We are a 501(c)(3) public charity that provides financial assistance to individuals who have financial needs. Occasionally some of our employees meet the eligibility requirements and are in need of assistance for utilities, food, medical payments or rent, but we have a policy that we cannot help our employees and must refer them to other agencies. Could we change our policy and provide assistance to them? If we can change the policy, would we be required to report the assistance on their W-2 as compensation? All of our assistance is made directly to the service provider (i.e. landlord, utility company) not to the client.
Unless your funder(s) would have some sort of prohibition on your providing such assistance, I am not aware of any rule that would prevent you from helping employees who meet legitimate and non-discriminatory financial eligibility requirements. Even the excess benefit tax rules, which would apply to aid for a director, key employee or other “disqualified person,” provide that compensation does not include benefits provided to a charitable beneficiary within the class generally benefited by the organization. Therefore, such aid would not normally be considered a benefit and would not be reportable as compensation, even if given to an employee. You wouldn’t have to report it on a W-2 any more than you report income for other beneficiaries who are not employees.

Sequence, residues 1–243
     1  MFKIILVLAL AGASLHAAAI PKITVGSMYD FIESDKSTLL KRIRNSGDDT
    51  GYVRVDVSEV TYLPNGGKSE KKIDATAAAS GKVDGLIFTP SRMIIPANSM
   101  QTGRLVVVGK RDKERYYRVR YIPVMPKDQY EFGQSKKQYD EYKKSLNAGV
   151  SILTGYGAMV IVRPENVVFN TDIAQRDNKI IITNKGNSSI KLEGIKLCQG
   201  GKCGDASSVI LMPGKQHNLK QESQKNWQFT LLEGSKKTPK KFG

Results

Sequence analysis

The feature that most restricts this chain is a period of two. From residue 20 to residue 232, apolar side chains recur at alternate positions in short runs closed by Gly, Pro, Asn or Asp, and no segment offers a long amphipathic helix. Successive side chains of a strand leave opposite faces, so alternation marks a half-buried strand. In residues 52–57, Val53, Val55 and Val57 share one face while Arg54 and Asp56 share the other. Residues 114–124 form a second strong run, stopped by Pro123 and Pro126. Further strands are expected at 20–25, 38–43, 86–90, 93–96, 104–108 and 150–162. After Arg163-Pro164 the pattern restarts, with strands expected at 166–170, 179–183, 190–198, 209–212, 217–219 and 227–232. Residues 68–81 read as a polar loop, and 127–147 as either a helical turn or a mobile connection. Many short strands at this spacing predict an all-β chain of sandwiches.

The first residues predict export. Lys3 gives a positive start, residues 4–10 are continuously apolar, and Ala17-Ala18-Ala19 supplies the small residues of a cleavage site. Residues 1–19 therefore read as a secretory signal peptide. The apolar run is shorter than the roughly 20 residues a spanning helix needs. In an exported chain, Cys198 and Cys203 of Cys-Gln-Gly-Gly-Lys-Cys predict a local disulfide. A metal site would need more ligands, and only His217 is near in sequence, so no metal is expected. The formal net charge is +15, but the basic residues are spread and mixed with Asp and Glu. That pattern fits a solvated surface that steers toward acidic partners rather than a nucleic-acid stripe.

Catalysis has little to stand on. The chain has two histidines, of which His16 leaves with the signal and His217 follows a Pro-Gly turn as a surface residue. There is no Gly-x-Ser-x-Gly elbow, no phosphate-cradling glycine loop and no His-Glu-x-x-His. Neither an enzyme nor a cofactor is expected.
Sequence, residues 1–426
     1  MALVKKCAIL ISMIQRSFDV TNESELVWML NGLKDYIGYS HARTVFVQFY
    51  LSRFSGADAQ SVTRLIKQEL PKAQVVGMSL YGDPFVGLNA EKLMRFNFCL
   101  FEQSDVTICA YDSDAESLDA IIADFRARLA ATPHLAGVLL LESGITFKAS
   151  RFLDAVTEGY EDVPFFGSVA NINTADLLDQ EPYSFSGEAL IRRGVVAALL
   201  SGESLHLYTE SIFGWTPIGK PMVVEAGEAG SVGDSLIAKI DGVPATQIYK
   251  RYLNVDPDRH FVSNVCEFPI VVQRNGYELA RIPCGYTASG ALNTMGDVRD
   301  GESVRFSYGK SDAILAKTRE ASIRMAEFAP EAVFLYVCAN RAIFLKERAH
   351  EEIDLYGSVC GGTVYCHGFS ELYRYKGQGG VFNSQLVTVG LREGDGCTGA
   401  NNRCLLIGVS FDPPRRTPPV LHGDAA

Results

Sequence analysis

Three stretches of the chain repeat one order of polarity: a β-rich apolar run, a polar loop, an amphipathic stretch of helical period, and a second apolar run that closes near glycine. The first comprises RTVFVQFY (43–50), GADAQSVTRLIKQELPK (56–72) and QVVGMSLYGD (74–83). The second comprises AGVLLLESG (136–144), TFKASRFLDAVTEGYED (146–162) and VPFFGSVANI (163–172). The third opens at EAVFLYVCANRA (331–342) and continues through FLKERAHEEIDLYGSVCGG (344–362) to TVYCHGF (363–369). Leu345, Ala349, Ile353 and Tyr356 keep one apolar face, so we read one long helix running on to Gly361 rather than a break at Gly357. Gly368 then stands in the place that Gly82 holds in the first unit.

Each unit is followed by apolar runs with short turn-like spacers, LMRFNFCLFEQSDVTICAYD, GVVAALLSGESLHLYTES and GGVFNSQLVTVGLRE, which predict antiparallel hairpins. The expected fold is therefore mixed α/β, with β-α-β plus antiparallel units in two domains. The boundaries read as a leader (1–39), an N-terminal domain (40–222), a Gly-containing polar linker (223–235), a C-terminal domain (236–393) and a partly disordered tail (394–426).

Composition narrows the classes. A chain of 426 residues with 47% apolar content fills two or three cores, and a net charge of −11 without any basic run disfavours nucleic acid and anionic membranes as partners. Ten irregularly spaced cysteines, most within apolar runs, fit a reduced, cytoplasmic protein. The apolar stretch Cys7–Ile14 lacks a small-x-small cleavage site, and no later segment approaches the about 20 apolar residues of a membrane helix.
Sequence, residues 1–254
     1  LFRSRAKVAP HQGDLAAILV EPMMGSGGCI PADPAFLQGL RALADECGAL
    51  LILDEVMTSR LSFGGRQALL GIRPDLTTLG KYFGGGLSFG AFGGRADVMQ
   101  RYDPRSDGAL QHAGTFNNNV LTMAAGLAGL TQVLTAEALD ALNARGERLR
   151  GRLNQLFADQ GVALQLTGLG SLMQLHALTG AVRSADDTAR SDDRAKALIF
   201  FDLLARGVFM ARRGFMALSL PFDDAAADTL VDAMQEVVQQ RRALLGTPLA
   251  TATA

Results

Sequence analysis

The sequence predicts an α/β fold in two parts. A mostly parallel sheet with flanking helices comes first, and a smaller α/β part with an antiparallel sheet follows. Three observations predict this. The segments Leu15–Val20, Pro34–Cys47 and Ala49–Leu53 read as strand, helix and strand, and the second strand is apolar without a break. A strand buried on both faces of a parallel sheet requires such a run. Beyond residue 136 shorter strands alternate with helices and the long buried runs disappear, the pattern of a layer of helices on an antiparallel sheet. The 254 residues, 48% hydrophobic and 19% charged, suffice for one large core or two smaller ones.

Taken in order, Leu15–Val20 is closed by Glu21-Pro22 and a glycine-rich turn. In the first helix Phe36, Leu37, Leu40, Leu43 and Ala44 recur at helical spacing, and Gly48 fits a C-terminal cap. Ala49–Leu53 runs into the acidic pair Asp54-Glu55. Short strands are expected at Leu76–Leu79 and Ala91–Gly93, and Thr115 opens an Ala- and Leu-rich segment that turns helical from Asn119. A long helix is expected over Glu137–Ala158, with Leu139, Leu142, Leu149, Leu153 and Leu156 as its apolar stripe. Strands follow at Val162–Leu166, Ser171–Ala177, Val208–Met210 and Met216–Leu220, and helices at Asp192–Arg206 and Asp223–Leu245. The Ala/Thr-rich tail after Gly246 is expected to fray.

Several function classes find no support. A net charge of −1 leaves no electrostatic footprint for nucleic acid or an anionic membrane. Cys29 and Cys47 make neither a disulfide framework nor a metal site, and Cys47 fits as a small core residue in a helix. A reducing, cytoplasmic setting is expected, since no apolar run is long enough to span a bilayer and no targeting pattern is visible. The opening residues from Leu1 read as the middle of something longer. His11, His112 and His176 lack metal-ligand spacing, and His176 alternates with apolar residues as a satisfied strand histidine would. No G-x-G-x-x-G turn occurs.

Obviously, this could be abused if you reduced compensation for your employees close to the eligibility line and provided them benefits instead of salary to make up the difference. But assuming that it is an occasional assistance given in good faith and within your regular guidelines, you ought to be ok with the IRS.